Internet/TV can help CRM answer accountability issue

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After years of denial, seasoned marketing executives are recoiling from the waste they see in mass advertising. Magazine ad pages fell 11.7% last year, the steepest plunge in nearly a quarter century. Merrill Lynch projects a 4% drop in TV spending this year, after a similar fall last year.

These are not simply responses to reces-sion and Sept. 11, but a permanent shift in favor of accountability best represented by the rise of customer relationship management.

But you know what? CRM is beginning to look unaccountable, too. Marketers, who can drop millions simply for basic database con-solidation, are starting to complain they're not seeing a return. If John Wanamaker were alive today, he'd probably say, "I know I waste half the money I spend on CRM systems. And I still don't know which half."

The reason for CRM's ineffectiveness should be obvious. As I told the Automotive News World Congress last week, the average interaction between an auto company and a customer is 1.2 times per year. It's simply not enough data to answer such crucial questions as, "Which people should get what offer on which product at what time?"

But CRM need not be a waste. It obviously needs to understand the depth of the owner-ship experience: the consumer's relationship with the product, service or brand throughout the ownership cycle. But marketers should not wait until the first purchase is consum-mated before they begin relating to customers as individuals. Effective CRM must dive deep into the purchase decision before the purchase is made. Call this purchase-cycle intimacy.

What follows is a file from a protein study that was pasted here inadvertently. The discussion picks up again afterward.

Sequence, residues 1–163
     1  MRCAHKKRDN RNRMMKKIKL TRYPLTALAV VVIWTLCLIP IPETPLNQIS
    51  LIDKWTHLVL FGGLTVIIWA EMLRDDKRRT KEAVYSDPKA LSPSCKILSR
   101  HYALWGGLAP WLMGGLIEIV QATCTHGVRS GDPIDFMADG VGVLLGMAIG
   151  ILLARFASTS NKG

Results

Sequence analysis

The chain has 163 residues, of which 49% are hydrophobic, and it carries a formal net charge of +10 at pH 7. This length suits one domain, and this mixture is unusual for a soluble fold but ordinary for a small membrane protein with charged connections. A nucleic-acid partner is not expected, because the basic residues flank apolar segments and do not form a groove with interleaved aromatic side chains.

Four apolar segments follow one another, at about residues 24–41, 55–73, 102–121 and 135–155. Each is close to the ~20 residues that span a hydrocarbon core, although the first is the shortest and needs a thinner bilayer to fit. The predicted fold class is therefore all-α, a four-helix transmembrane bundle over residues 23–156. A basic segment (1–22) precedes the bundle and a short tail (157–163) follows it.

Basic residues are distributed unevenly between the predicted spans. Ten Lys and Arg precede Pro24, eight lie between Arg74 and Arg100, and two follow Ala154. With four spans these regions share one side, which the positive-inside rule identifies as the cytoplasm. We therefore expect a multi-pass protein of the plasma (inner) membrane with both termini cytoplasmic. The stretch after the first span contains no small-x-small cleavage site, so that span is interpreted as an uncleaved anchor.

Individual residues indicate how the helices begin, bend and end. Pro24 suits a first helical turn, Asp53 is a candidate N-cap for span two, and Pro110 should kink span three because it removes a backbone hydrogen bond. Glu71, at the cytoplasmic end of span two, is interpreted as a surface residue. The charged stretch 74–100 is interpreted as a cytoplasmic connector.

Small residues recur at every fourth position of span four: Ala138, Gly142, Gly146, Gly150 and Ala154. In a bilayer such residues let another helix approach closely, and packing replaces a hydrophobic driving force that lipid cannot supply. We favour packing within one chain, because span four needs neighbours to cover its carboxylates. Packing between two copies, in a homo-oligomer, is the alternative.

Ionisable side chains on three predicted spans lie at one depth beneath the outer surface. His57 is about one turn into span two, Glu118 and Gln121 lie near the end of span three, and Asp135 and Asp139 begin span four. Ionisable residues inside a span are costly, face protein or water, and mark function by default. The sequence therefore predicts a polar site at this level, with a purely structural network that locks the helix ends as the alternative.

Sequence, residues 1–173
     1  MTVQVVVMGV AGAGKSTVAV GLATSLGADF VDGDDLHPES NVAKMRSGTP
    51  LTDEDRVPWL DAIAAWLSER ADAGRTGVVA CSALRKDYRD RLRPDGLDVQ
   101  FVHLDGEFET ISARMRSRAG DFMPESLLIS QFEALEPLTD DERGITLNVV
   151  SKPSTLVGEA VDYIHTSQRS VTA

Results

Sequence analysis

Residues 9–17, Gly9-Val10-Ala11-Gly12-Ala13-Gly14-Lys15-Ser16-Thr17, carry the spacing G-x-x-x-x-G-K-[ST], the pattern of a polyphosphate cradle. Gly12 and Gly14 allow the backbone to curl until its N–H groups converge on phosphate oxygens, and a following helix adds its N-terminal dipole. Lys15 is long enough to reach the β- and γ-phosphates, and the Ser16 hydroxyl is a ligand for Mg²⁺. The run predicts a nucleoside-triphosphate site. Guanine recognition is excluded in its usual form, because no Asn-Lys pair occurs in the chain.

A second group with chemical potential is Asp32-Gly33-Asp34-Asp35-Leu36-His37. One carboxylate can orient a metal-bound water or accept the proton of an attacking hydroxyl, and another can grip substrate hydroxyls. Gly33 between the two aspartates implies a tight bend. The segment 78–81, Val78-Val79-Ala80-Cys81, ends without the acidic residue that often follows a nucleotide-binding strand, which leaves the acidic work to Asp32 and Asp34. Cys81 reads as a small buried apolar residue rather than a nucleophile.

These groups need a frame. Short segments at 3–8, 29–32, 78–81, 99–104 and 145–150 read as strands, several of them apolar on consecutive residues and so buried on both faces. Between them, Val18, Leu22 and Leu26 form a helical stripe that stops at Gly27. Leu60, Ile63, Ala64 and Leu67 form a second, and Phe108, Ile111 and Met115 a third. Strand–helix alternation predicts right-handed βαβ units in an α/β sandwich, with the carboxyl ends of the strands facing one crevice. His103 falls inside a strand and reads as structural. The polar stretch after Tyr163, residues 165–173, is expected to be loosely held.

Sounds tough. But it can be done.

New linkages between the Internet and conventional communications vehicles make it more possible to capture consumer insights in the middle of the purchase process. Interac-tive kiosks in dealerships-or in alternative sales venues-already are proving excellent tools with which to begin to engage consum-ers in dialogue without requiring them to engage with a salesperson. Such "assisted sales processes" provide critical information for customer-contact and broad marketing planning and save on sales training costs.

Online activity at home or office is another vital opportunity for purchase-cycle intimacy. Some 70% of U.S. consumers use the Inter-net during the auto purchase process. Better segmenting methodologies are available to improve the targeting of online marketing communications and the design of Web sites.

Imagine these tailored consumer engage-ments moving from the Internet into the home entertainment center. It is not a fantasy. Toyota helped launch the Lexus ES 300 two months ago with a TiVo cross-promotion sweepstakes that uploaded commercials into the box, invited sampling of other spots pro-grammed into NBC network shows and asked contestants to register on the Web. Think of the opportunities when TV, personal video recorders and the Web, entertainment, brand advertising and interactive direct marketing converge on a single screen, in one room.

This is inevitable as broadband-linked PVRs are built into set-top boxes. At last, old John Wanamaker will be able to rest in peace.

Mr. Rothenberg, an author and longtime journalist, is chief marketing officer at consultancy Booz Allen Hamilton.

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